Morty grew up in a tiny village called Grytting, in a region of northern Norway called Vesterålen. I’ve visited there three times previously, all for Christmas visits, so I was very excited to know we’d be there for 10 days during the summer days of the midnight sun. We decided to take the long way up by train and coastal steamer (the Hurtigruten). We booked a sleeper train for the first leg of the journey, so we headed to the Oslo train station around 9 p.m. for our almost 11 p.m. departure. Shortly before the departure though, we received word that there were problems on the tracks (a freight train had derailed!), so we would have to stir from our sweet train-slumber at 3 a.m. to get on a bus to take us to another train without a sleeping compartment. (Insert grumpy face here.) But, these are the little moments that make travel memorable, so we found our way to the train, promptly set up our bunk beds and tried to get as much sleep as possible as the train left Oslo and winded its way up to Vinstre.
Here we are in our little cabin shortly before lights out:
Sleep was hard to come by since the train made several stops and I was restless knowing it would be short sleep anyway. We eventually reached Vinstre, and a train-full of sleepy, bed-headed passengers exited onto the platform to await our bus. My lack of rest and general grumpiness were seriously challenged as two passengers next to us on the bus were crunching and smacking on their pistachios louder than I’ve ever heard anyone eat before. My passive-aggressive stares were met by Morty trying to convince me to
look hear past it, and when we arrived at the next train, we both made sure we were nowhere near the crunch-happy couple. A pistachio-free three-hour train ride later, we arrived in Trondheim to board our final train that would take us to Bodø.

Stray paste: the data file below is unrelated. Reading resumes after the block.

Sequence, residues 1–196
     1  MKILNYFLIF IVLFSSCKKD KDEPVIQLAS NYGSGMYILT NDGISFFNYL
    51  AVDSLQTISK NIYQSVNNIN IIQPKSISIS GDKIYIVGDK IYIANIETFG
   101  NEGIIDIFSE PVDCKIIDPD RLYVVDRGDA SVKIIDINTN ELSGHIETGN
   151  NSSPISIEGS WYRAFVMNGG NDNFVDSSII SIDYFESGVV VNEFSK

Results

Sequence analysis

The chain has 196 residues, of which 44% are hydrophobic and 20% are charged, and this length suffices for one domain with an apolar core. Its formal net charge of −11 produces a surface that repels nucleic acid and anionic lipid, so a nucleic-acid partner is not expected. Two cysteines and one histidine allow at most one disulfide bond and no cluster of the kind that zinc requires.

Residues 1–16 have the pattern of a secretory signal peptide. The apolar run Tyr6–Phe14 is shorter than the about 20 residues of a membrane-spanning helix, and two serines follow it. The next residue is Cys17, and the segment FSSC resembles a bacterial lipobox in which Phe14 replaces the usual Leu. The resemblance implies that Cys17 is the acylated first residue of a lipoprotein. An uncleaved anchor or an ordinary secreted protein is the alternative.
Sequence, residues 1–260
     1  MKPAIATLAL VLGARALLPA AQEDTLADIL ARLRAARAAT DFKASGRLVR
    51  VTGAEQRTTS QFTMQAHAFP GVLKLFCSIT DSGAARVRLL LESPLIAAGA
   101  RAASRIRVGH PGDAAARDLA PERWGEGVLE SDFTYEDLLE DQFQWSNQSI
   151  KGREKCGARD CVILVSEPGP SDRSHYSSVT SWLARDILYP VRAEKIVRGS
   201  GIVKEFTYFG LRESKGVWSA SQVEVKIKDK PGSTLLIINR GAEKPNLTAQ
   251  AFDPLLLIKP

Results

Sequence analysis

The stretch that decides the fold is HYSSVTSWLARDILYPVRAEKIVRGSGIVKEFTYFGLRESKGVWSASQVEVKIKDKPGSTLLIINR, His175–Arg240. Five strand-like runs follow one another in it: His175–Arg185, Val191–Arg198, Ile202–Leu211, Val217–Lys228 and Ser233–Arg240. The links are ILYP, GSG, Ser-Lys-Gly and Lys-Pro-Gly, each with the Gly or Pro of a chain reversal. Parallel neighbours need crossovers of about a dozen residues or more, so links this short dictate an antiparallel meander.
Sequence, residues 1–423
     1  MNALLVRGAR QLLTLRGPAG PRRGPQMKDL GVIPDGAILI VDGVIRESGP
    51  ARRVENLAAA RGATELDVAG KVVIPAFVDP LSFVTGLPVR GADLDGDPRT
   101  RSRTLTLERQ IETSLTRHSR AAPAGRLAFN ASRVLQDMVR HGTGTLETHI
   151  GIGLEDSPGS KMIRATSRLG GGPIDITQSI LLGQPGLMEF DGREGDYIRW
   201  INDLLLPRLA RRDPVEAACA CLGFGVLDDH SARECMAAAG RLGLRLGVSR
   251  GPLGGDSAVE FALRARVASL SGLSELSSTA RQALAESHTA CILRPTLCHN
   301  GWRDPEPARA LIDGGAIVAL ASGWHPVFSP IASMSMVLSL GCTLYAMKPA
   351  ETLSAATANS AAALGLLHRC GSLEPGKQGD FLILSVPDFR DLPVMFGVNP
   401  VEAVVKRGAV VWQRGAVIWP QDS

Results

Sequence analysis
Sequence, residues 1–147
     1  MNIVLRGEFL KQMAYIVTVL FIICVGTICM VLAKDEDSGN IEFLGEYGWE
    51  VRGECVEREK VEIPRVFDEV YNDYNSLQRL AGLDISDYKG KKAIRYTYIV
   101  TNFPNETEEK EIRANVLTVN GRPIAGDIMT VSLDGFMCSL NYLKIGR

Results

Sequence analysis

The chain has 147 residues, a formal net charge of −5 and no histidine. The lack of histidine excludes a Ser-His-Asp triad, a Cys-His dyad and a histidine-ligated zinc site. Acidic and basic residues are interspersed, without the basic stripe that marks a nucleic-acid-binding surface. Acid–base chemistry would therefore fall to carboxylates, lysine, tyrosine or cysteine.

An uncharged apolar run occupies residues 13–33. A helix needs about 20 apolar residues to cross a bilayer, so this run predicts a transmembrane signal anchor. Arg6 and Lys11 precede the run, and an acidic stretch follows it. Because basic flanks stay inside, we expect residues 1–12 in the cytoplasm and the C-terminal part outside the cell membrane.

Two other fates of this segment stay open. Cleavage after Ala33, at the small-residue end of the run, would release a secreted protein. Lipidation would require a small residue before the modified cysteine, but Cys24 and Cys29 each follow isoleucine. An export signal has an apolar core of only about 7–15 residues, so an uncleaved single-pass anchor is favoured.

I’ve ridden on a few trains in my life – touristy excursions in small-town Texas, a day-long (but speedy!) trip from Paris to Nice, an otherworldly departure from the floating buildings of Venice to arrive a few hours later in the bustling and beautiful Florence. So when we boarded the train in Trondheim at 7:30 a.m., it wasn’t a novel experience – but when the conductor announced all of our upcoming stops and that we’d be arriving in Bodø at 5:30 p.m., I took an excited gasp. To know that we’d be in the same cozy nook for 10 hours with nothing but each other, our books, our music and the landscape creeping by (no high-speed trains for this mountainous country!), was one of the most comforting feelings I’ve ever had. We emptied our bags of our necessities (book, ipod, camera, CHOCOLATE), and put them on our little table. Then the train whistle blew and away we went into the bright, hopeful day.
The rest of the day was a mélange of reading, gazing, getting up for coffee, chatting, falling asleep on Morty’s shoulder, drooling on said shoulder, reading, snacking and gazing some more. We passed farms on rolling green hills, rocky lakes of crystal blue water, fields of fireweed and eventually wound our way up steep passages before leveling out as we crossed the Arctic Circle.
Passing the Arctic Circle (a stone pyramid in the field indicates the point):
Around 6 p.m. we said goodbye to our little home for the day and stumbled out onto the platform at Bodø. We walked up to the front of the train and I stopped to take a picture of it. Right before I snapped the picture though, a little girl about 5 years old walked up to the train and gave it a kiss goodbye. I wish I had been fast enough to snap a photo, but it was such a surprising and sweet moment, I’m glad to even have seen it.
Adieu to our 10-hour home!